PortfolioLargus Theodora Angenent
Dr. Lars Angenent has joined the Center of Applied Geosciences (ZAG) at the University of Tübingen in Germany at the rank of Full Professor in Environmental Biotechnology. He has spent the last eight years in the Department of Biological and Environmental Engineering at Cornell University at the rank of Full and Associate Professor after 6 years on the faculty at Washington University in St. Louis as an Assistant Professor. Lars holds a Ph.D. in Environmental Engineering from Iowa State University, an M.S. in Environmental Technology/Microbiology from Wageningen University, Wageningen, The Netherlands, and a B.S. in Environmental Sciences from Wageningen University. At ZAG he will closely collaborate with Prof. Andreas Kappler on microbial electrochemistry in soils. Lars will continue to work with microbial electrochemical technologies, but he will also focus on C1 biocatalysis such as syngas fermentation and methanogenesis. In addition, he will continue working with reactor microbiomes (open cultures) to elongate short-chain carboxylic acids into medium-chain carboxylic acids. Dr. Angenent also remains to be president of the ISMET. On April 1, 2017 Lars will start his Humboldt Professorship, but he has already started to work at the University of Tübingen on August 1, 2016.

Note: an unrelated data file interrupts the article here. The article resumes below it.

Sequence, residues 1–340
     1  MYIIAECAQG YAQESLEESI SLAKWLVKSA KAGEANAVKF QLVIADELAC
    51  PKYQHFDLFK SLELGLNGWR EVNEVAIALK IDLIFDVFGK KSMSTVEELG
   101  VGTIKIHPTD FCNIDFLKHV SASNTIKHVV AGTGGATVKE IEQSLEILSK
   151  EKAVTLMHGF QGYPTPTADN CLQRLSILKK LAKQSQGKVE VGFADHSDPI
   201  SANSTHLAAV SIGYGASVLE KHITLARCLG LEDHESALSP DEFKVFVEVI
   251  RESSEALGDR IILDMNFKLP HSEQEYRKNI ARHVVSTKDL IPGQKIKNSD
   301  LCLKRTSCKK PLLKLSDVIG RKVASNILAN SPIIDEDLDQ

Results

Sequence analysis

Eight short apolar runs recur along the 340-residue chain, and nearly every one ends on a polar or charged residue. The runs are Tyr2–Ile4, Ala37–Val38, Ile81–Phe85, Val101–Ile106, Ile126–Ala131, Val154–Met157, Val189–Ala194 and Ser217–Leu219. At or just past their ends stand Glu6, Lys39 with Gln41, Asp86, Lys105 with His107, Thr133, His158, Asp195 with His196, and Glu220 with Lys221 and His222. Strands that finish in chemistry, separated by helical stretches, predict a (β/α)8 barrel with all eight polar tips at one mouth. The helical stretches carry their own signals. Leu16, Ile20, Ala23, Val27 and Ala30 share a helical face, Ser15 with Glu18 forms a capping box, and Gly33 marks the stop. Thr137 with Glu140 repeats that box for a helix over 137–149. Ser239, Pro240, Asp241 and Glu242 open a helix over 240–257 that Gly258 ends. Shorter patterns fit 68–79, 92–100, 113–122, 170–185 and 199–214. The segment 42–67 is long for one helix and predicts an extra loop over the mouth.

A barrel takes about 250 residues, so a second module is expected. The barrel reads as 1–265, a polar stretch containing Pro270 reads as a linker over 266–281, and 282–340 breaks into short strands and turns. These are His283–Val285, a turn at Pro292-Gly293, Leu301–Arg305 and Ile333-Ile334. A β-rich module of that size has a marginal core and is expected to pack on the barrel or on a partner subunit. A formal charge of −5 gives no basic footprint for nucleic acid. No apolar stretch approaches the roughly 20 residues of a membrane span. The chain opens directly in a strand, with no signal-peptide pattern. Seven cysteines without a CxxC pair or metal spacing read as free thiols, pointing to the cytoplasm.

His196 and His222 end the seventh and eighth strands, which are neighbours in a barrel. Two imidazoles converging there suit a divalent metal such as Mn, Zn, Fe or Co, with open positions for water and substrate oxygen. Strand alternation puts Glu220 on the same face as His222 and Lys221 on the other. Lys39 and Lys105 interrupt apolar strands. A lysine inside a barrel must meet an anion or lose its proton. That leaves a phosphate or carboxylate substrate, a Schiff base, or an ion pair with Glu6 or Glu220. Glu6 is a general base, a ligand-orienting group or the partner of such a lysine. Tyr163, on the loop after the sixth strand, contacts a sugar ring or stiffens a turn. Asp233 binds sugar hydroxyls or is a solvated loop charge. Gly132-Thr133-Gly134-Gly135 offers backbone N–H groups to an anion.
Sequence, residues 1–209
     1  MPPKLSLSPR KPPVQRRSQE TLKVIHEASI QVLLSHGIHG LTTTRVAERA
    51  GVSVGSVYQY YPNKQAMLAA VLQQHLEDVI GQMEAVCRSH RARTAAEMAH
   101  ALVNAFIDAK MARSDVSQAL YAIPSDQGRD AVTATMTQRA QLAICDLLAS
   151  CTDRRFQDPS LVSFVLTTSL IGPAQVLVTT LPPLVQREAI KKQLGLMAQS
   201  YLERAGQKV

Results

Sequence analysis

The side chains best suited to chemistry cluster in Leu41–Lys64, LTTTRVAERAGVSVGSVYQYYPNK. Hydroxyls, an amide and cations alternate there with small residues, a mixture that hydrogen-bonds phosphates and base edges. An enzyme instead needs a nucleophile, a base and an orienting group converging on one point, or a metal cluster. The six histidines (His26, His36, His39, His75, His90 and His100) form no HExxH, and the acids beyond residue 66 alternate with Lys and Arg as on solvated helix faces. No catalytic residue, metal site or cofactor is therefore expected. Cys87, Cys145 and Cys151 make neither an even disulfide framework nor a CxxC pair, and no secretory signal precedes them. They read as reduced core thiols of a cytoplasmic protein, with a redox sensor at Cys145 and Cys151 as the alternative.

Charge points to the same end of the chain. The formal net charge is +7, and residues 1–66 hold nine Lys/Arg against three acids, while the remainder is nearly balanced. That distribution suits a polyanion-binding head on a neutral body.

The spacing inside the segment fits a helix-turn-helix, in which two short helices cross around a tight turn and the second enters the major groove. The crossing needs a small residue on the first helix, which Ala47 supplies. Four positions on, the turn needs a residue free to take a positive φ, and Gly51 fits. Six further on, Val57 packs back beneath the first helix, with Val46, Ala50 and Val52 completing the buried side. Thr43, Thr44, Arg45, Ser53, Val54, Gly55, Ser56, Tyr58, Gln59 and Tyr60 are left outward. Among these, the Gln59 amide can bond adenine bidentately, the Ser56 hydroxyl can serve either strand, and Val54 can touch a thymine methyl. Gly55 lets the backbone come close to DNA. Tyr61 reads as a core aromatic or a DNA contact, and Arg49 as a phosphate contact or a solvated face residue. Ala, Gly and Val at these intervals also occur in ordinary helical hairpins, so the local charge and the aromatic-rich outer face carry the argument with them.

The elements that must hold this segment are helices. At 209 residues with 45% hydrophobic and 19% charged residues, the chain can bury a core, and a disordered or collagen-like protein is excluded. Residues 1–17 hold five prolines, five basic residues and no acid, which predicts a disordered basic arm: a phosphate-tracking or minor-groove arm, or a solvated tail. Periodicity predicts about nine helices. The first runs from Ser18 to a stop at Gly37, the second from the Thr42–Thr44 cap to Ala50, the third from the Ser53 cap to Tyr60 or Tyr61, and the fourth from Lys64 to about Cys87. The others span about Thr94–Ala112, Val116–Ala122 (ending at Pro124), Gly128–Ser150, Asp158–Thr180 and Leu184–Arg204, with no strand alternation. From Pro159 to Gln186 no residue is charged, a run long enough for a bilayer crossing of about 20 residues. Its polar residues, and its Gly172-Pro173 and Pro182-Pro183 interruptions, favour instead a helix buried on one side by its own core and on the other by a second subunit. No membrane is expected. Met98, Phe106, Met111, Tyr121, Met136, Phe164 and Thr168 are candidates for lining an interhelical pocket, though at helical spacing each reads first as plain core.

Professor Lars Angenent builds bridges in two different ways. On the one hand, he creates a connection between environmental and medical microbiology; on the other hand, he links up basic research with a problem-oriented, applications-based discipline.
He has worked on microbiome characterization in air, bioreactors, and lungs. For example, he developed a method with which all microbes in the air of a building could be monitored – for instance, to track down the source of airborne disease in a hospital. In the area of environmental technology he was one of the first scientists to work on storing energy from renewables with the help of microbes.
Professor Angenent is also interested in the production of soluble biochemicals from wasted materials and the recovery of carbon from gaseous streams produced by industry. Yet, he is also involved in basic research, which helps us to better understand the biochemistry and energetics of microbial metabolic pathways.